I found this very interesting post l about online competitions for computer programmers.
Taking part to the 2015 CPAN Pull Request Challenge, and agreeding totally to the post author about how useless these competitions can be, I want to enforce the concept.
Nowdays softwares are very complex beasts, and it is much more important to have a look at how to solve a problem in a way that can be maintanable, well documented, self explainatory, and so on, rather than having a bunch of code that performs the right computation with a strange and not well known alghoritm. Moreover, with the ubiquity of alghoritm libraries, I don't see the whole point in proving your knowledge of alghoritms anymore.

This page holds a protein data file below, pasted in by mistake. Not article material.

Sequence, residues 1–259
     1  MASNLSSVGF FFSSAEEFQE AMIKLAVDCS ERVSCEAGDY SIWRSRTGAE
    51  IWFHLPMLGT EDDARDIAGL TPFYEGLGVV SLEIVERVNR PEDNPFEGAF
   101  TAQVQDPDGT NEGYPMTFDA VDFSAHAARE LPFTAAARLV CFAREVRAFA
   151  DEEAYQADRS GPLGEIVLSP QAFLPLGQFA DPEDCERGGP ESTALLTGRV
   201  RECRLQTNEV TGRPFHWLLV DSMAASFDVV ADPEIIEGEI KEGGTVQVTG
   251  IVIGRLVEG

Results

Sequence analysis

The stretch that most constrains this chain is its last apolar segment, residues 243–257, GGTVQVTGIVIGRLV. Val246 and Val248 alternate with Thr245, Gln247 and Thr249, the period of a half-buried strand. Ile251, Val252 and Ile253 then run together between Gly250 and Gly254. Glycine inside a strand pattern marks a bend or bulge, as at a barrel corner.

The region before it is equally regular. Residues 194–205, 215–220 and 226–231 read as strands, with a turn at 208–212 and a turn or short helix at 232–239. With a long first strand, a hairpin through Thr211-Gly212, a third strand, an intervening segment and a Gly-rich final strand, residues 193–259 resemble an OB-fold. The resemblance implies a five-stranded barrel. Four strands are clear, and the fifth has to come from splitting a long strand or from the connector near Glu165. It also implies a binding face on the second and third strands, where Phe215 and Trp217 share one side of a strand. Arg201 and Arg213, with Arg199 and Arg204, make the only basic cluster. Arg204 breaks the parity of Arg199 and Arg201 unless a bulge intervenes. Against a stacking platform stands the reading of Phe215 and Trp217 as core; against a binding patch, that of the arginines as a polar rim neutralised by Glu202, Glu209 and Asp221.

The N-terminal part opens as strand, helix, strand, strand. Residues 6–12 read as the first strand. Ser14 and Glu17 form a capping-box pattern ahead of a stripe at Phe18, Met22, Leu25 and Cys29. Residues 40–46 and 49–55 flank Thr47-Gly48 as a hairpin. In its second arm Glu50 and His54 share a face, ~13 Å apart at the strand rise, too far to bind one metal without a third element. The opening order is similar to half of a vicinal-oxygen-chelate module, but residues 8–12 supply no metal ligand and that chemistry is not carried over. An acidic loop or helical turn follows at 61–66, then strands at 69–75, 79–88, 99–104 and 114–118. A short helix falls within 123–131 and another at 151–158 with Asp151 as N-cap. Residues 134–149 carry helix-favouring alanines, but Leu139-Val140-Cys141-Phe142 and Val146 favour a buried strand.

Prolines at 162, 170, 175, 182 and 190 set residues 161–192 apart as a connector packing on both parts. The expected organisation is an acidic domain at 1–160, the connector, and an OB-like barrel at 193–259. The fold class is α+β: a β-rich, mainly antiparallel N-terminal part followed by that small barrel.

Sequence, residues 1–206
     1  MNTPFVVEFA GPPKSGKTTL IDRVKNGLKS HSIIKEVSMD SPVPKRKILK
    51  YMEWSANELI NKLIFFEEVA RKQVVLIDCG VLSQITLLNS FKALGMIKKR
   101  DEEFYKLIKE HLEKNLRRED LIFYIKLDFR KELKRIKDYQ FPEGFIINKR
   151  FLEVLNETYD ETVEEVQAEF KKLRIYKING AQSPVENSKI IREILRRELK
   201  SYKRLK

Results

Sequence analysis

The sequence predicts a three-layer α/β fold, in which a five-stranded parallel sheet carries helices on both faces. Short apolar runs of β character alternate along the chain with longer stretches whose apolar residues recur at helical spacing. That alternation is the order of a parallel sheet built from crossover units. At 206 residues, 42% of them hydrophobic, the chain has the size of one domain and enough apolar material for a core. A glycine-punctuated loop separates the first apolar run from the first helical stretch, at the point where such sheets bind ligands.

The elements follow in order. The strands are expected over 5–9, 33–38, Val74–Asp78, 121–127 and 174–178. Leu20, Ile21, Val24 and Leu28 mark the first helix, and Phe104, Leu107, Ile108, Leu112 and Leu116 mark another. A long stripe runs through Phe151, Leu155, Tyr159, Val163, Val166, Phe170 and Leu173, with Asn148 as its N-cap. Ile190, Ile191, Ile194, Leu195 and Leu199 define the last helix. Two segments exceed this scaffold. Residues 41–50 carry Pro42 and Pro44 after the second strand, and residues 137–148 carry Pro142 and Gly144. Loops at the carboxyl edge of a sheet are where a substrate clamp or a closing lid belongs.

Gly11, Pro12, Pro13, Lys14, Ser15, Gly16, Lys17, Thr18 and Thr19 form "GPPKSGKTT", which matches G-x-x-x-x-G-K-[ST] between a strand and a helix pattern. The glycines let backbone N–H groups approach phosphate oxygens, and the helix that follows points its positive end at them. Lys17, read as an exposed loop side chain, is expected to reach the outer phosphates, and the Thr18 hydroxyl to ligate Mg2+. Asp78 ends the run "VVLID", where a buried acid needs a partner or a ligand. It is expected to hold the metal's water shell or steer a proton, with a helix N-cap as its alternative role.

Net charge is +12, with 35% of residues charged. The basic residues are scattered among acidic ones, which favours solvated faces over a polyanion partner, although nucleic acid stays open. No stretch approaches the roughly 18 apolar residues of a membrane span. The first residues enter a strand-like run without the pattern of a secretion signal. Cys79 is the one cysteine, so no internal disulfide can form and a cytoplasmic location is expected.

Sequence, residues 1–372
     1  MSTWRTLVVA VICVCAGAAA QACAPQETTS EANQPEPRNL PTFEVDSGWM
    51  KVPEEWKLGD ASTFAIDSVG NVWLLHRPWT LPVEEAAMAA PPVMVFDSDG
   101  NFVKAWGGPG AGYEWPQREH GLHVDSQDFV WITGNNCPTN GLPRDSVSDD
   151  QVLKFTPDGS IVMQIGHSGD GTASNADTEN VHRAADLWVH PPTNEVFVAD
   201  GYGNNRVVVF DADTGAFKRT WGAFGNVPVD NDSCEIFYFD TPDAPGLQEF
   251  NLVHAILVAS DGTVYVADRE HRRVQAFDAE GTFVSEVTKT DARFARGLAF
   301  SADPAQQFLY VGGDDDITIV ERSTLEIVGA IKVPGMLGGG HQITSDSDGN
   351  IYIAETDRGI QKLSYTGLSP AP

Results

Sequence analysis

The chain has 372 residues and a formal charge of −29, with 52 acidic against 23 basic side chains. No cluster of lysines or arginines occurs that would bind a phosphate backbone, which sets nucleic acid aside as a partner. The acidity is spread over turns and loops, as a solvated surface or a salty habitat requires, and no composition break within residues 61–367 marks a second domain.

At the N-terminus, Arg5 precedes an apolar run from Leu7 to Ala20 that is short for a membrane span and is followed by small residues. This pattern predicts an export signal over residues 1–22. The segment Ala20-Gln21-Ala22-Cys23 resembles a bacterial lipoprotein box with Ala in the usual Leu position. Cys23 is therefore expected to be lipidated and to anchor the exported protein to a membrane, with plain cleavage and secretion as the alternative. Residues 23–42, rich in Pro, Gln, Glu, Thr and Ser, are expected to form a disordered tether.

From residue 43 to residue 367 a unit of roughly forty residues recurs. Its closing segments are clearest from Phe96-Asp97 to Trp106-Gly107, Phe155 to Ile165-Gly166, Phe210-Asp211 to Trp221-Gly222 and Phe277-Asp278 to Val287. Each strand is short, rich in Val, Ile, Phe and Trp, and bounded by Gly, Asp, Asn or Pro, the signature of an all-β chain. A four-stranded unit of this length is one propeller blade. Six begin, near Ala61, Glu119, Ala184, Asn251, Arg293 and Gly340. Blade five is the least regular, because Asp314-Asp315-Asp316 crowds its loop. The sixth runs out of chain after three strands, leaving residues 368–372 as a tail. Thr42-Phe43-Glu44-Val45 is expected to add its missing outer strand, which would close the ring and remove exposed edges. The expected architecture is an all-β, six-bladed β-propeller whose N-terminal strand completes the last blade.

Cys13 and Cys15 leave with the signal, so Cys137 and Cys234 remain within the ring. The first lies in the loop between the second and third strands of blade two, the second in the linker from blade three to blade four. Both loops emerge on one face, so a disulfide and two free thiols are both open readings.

I remember at least three job interviews I made a few years ago when I was asked to solve a problem implementing a mathematical alghoritm. And I failed.
But I also remember at least two of the interviewers telling me they don't know git and FreeBSD, or don't knowing the difference between a log-shipping replication and a streaming one.
I tend to prefer to know a little about a lot of things, so to be able to choose the right tool at the right moment (and improve my skills on demand), rather than knowing a single tool/paradigm very well.
So I don't see the aim of having an online competition on alghoritms, or even asking anymore alghoritms (except if your business is based on those). Rather, I strongly believe that being able to prove you collaborated in FLOSS projects, have pushed changes and commits to real code makes you resume stronger.